‘Fargo’ Season 1 Episode 3 Recap: “A Muddy Road”


It wouldn’t be unreasonable, while watching the first two episodes of Fargo, to ask, “Why?” Why remake the classic Coen Brothers film, a tight murder mystery with darkly comic elements, into a ten-hour miniseries? It became more clear with last night’s episode, as the show moves away from the plot with Lester Nygaard at its center and focuses instead on the storyline that’s original to the show — and also begins to truly examine its characters through their interactions with each other.

Billy Bob Thornton’s Lorne Malvo is becoming the Anton Chigurh of Fargo, and the opening scene in last night’s, in which Malvo enters the St. Paul office of the frozen-to-death “naked fella” whose death Molly Solverson is trying to, um, solve (oof, right?). In front of all of the man’s coworkers, Malvo drags him out of his cubicle, down the hall, and into the parking garage, where he strips off his clothes and puts him in his trunk. All of this is caught on security cameras, of course, and Molly, during her visit to St. Paul to investigate the dead man’s original disappearance, takes with her a still photograph of Malvo dragging the man out of the office building’s elevator.

While in St. Paul, Molly meets up with an old school friend — a nod to the scene in the original film between Marge and Mike Yanagita — and the woman tells Molly all about her big-city life, which doesn’t sound much less gruesome than what Molly sees back in Bemidji: she tells Molly about her divorce and subsequent online dating experiences, the latter involving an anecdote of sleeping with a man who had recently been bitten by a spider, discovering, mid-coitus, that the spider actually laid eggs in his neck. It’s an odd little scene, but one we come back later when Molly retells the story to Gus Grimly, saying that she doesn’t want to live in a world where that sort of thing can happen. This episode of Fargo, though, proves that much worse — and weirder — happenings are possible.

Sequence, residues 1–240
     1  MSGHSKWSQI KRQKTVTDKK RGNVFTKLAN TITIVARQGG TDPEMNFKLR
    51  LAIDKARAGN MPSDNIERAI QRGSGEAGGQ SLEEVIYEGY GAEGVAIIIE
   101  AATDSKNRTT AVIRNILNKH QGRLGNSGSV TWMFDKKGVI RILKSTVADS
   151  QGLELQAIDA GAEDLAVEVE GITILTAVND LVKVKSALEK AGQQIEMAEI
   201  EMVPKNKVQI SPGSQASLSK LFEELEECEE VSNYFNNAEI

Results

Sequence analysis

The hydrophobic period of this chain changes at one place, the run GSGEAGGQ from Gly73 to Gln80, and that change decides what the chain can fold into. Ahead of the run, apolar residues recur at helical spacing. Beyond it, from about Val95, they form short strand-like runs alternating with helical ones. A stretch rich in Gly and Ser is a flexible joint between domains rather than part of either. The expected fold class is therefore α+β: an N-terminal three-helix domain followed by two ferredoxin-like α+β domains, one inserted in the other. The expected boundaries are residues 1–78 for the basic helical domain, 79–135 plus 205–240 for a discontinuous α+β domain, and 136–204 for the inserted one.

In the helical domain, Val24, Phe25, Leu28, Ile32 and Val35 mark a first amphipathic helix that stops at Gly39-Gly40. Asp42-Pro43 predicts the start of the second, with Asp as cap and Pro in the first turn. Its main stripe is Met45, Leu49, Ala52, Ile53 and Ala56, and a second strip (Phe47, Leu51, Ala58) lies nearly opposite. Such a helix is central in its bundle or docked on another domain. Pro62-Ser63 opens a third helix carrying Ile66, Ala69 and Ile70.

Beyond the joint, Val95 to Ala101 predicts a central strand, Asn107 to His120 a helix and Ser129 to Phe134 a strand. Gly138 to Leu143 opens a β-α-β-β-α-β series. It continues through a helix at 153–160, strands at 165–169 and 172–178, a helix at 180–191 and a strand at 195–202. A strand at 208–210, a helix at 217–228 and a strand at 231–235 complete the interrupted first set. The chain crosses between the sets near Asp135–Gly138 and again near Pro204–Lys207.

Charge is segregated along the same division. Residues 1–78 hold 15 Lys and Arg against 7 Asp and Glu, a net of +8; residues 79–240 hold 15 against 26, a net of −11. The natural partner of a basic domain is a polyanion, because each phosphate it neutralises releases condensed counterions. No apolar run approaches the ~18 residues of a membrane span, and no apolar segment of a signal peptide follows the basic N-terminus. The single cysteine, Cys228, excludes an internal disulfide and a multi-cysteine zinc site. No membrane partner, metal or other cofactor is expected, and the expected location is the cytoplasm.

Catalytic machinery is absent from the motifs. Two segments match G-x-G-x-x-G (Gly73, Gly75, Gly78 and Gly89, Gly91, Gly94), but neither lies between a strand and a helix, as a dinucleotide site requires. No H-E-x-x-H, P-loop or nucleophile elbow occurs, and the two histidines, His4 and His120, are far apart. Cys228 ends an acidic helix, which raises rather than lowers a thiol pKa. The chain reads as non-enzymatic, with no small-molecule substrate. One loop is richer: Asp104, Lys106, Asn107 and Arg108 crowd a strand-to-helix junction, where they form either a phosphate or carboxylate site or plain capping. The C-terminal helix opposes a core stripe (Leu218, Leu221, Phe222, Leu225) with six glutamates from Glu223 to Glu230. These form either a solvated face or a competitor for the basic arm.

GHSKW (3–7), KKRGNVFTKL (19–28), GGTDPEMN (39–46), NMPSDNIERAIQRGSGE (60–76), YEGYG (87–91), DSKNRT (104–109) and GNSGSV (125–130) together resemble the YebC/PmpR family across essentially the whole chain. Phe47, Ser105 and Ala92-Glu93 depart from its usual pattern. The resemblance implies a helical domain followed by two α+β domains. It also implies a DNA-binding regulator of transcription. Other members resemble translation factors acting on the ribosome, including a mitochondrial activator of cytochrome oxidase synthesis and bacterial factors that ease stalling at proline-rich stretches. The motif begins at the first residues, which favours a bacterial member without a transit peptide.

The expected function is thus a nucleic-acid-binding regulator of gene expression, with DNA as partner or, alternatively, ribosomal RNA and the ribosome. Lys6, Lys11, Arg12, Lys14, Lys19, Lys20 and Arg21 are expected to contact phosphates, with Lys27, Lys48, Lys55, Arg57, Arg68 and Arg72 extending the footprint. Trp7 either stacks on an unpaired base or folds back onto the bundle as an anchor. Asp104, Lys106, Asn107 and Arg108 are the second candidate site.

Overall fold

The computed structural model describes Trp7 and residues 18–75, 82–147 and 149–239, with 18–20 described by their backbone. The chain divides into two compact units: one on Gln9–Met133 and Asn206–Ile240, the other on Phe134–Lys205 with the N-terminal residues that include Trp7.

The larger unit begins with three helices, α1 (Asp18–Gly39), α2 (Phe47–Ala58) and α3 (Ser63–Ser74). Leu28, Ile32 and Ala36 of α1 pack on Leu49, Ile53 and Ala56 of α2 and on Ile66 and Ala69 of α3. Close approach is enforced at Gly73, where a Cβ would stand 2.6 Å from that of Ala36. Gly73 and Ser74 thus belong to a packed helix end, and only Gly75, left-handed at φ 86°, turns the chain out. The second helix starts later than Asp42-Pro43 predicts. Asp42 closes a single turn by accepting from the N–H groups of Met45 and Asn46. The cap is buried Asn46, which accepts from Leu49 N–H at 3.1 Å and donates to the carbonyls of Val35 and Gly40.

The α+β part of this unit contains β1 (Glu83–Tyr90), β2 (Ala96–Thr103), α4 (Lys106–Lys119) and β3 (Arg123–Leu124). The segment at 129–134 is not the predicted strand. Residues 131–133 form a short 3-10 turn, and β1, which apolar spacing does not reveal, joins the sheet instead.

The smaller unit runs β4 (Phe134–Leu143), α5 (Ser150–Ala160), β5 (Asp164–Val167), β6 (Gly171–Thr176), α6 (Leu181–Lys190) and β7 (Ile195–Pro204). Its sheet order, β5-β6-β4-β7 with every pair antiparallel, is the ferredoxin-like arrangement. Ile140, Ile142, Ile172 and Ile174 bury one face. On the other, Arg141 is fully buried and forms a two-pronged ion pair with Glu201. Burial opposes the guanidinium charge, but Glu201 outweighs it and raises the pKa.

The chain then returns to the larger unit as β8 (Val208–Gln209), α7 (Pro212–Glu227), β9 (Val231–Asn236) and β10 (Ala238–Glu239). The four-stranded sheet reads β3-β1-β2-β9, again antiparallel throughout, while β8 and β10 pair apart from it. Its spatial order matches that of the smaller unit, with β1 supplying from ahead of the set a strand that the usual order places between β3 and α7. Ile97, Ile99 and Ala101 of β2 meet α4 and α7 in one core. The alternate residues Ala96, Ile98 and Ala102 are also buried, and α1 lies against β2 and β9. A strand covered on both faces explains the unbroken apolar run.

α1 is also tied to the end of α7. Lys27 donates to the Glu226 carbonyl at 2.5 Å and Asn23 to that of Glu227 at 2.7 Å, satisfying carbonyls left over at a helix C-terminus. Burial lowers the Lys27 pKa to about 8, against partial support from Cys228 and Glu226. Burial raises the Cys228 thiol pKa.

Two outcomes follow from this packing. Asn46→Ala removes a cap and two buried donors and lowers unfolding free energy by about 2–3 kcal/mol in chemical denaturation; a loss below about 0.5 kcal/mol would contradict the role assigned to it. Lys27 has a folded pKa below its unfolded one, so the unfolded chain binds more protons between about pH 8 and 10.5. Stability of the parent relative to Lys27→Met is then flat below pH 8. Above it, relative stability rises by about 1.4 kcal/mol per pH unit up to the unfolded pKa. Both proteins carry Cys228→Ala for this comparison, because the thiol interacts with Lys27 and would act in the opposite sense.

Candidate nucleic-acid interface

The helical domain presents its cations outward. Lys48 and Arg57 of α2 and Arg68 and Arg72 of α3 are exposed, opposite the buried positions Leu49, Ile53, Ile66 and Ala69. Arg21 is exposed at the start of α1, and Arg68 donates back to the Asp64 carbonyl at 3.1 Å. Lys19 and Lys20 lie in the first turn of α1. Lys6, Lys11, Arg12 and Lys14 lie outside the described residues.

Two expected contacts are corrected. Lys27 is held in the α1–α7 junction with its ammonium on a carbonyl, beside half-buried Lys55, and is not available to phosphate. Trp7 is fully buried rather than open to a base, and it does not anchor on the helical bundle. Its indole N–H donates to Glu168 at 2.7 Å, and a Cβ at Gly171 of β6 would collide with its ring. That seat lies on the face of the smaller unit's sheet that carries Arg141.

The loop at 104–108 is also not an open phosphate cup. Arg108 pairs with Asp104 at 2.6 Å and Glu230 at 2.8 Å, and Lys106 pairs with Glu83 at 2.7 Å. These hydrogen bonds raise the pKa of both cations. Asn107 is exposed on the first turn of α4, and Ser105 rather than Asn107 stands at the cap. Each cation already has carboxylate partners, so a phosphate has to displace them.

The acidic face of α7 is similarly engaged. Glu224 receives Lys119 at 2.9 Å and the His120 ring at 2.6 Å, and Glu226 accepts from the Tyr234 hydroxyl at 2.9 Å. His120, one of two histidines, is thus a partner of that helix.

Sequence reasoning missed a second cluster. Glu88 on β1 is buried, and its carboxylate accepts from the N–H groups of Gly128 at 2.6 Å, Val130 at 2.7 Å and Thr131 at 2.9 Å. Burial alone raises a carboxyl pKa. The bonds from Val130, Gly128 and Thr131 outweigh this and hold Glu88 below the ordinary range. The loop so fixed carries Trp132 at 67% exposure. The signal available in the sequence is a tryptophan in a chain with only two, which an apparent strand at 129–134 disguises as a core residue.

Malvo is now on a full-fledged mission to harass Stavros Milos once he discovers that his ex-wife’s trainer boyfriend is the one actually blackmailing Milos. In a confrontation, Malvo tells him how stupid he is — the trainer doesn’t even really know why he’s blackmailing Milos, which certainly makes me feel a little more confused about this plotline — but announces his plan to turn the tables and begin to blackmail Milos himself. “You made a choice,” Malvo says. “I’m the consequence.” (Yet another allusion to this omniscient, Angel-of-Death-like figure. The later Biblical allusions — we’ll get to that in a second — make this heavy-handedly clear by the end of the episode.)

Meanwhile, after having a flashback to the gruesome murder of his wife, Lester Nygaard decides to go back to work. (It’s a brilliant scene, I’ll admit, to have the audio of the murder playing while focusing the camera on Lester sitting in front of his brother’s fridge, the phrase “THE KEY TO LIVE IN HAPPINESS” spelled out in magnets.) The first item on his to-do list? To visit Sam Hess’ wife in order to talk about a settlement (but, really, to get even more stupidly close to Hess despite suggesting to Molly that he doesn’t know him). Hess’ wife, eager for the money, literally climbs all over Lester while telling him that she met Hess when she was a stripper in Vegas. The encounter is cut short when one of Hess’ idiot sons shoots his idiot brother in the ass with his crossbow. When Lester looks outside at the carnage, he spots the men from Fargo — Mr. Numbers and Mr. Wrench — staking out the place quite obviously from behind the tree line in the backyard.